There are several types of retirement benefits that you or your spouse may have. The IRS provides descriptions of the different plans here. The most common plans we see are defined benefit plans (think: pensions), profit sharing plans, 401k’s, IRA’s and other deferred compensations benefits.
Your first inquiry is determining whether all or any of the retirement asset is community property. The asset is all or partially community property to the extent employee or employer contributions were made during the marriage and before separation. The amount of the contributions during marriage plus any gains or losses since date of separation is the community portion. Community property is ordinarily divided 50/50.
Second, determine the value of the community property portion of the retirement account(s). You can estimate yourselves (and agree on a value) or you can use an actuary (financial professionals or lawyers who specialize in retirement division and/or equalization).
Note: The value for some retirement account(s) is simply an estimate. For example, to value most pensions, actuaries look to such factors as the average male/female life expectancy, projected rates of return on investments and estimated future earnings.
Dividing retirement plans is tricky and must be done correctly to avoid tax consequences such as an early distribution penalty for removing assets before the age required by the plan. If you and your spouse agree to divide the community portion of each retirement account separately, you can skip step two (above) and proceed directly to a specialist who can prepare the agreement and order that divides/segregates each of your interests in the benefit(s). You may also ask your plan administrator for a sample Qualified Domestic Relations Order (QDRO) if you want to prepare the orders on your own (proceed with caution!)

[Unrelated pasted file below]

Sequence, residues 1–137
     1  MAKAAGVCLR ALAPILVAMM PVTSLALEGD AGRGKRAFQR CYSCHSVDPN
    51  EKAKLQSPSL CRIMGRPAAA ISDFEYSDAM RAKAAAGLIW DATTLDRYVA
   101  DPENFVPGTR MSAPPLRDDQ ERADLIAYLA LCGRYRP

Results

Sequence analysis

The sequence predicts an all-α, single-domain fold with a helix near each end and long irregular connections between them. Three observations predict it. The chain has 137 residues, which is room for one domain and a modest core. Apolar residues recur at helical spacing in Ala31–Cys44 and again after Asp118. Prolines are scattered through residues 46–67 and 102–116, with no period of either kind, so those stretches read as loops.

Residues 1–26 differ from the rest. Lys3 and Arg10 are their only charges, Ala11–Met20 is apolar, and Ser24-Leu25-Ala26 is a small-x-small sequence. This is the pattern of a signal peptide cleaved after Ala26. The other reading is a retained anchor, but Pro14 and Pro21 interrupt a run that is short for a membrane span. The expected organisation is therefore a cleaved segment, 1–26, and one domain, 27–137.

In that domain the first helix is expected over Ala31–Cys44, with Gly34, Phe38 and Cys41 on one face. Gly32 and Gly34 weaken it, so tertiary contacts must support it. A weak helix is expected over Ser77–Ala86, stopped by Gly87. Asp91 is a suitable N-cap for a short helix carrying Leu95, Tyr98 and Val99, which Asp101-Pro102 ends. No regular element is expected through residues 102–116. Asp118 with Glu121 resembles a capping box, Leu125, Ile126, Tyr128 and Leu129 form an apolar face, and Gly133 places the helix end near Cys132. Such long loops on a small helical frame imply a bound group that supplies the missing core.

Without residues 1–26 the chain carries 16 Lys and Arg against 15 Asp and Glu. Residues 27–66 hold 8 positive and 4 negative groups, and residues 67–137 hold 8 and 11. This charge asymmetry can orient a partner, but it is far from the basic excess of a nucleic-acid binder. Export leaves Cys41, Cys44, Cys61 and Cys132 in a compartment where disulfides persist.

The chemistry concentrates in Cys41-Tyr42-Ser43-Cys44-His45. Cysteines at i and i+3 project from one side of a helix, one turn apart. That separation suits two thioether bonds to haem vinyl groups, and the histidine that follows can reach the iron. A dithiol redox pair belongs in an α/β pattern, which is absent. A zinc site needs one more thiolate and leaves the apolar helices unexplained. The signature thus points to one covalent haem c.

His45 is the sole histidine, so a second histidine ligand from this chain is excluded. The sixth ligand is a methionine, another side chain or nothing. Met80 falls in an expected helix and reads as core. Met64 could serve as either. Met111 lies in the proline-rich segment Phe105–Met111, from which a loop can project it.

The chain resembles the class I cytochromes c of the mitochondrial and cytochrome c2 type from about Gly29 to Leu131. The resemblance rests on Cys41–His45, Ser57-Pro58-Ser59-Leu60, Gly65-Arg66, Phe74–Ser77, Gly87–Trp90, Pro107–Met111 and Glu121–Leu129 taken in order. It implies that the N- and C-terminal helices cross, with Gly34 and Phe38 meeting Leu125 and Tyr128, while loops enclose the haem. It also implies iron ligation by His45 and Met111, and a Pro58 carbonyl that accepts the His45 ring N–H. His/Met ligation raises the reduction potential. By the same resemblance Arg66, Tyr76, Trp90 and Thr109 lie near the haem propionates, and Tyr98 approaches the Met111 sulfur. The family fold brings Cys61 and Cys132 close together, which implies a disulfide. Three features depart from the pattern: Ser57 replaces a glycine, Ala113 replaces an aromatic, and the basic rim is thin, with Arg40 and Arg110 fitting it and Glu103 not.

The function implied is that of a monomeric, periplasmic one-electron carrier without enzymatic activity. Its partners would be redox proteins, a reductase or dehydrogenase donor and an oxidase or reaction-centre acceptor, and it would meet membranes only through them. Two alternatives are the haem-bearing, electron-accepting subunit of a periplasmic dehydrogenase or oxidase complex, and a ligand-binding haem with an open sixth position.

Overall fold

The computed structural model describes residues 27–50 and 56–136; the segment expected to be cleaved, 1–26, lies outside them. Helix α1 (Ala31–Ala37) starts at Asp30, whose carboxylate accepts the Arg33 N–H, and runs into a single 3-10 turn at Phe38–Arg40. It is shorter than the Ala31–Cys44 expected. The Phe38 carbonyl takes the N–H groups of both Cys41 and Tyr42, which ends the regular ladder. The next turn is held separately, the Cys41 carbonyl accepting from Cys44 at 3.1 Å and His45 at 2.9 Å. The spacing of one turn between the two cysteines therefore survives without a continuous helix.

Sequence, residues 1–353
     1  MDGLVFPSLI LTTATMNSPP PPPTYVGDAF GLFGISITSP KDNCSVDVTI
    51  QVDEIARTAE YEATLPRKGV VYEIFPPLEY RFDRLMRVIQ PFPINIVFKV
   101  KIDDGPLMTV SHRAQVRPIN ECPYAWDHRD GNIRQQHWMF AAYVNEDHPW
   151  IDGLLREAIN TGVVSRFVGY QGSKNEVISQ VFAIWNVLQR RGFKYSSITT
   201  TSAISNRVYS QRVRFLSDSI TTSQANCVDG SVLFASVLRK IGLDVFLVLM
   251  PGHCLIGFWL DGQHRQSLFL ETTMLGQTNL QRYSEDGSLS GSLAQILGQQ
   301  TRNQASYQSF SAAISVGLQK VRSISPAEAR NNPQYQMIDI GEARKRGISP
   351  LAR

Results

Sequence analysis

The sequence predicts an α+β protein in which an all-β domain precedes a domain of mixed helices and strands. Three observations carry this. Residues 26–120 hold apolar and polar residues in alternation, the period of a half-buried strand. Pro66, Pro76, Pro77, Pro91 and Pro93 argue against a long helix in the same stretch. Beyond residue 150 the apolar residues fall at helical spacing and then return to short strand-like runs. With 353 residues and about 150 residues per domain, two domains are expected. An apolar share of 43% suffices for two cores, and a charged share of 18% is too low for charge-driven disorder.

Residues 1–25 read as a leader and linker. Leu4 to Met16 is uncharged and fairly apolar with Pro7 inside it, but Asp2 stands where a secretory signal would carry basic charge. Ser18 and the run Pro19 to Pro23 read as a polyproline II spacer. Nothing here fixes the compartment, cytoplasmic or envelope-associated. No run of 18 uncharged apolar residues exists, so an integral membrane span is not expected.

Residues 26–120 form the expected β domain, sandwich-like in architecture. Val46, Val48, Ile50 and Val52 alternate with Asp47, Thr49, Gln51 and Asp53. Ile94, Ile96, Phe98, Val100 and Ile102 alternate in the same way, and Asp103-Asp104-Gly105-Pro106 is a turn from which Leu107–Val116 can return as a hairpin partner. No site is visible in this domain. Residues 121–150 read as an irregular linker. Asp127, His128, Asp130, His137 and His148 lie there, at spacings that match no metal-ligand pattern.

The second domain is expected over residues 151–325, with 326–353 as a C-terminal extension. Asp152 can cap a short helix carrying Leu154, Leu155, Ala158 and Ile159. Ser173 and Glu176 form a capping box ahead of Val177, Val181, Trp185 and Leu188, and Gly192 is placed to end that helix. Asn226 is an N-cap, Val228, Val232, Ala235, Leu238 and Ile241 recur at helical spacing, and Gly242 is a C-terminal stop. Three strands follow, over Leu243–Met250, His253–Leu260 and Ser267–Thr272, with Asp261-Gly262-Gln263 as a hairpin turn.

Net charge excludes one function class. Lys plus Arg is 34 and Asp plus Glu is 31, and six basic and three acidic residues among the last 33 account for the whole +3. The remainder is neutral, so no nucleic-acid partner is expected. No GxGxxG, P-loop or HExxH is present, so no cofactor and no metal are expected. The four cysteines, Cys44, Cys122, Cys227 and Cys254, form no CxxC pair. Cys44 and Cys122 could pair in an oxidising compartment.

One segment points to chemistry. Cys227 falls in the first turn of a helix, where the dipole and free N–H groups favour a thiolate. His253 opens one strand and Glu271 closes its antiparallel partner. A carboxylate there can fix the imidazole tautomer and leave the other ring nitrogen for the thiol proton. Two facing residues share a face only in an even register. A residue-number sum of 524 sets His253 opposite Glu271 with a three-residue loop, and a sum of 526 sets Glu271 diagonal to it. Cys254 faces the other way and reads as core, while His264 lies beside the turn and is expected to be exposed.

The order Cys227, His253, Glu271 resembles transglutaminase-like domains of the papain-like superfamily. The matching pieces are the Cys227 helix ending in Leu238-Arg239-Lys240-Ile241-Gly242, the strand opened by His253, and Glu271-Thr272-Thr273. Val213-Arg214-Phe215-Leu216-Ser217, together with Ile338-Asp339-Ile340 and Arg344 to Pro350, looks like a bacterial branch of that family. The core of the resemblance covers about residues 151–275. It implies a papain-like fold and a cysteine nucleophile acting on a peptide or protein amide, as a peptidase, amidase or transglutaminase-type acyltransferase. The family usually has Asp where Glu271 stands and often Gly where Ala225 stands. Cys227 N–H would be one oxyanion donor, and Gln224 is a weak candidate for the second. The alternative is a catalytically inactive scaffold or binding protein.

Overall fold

Third, once you know the value of the community interest in the retirement plans, you and your spouse need to determine how you will divide and/or equalize your respective interests. Cashing out is usually not advisable since, except under rare circumstances, the spouse who withdraws will have to pay ordinary income taxes plus an early distribution penalty. Sometimes, one spouse can take a loan from their plan(s) to purchase the other’s interest in it.
Another option is to assign each retirement plan to the spouse who accrued the benefit. To the extent one spouse receives a higher amount, there are a few options to equalize the interests:
The party who receives a higher value of retirement assets can buy out the other spouse using a non-retirement asset. So, for example, if husband receives $100,000 more retirement assets, he must pay wife 50% of that amount (as her share of the community property). He can give her $50,000 in cash or a different asset equivalent to that amount (or somewhat less to compensate for tax consequences upon ultimate withdrawal or receipt of the retirement monies). The parties can prepare an order (see above) on one (or more) plans to equalize the benefits that each party receives. The parties can agree to cash out one (or more of the accounts) to pay the spouse who has less in retirement (but be aware of serious tax consequences that will likely occur!).
There is no one size fits all approach to dividing retirement accounts. Definitely seek the advice of a trusted lawyer if you have questions on this topic.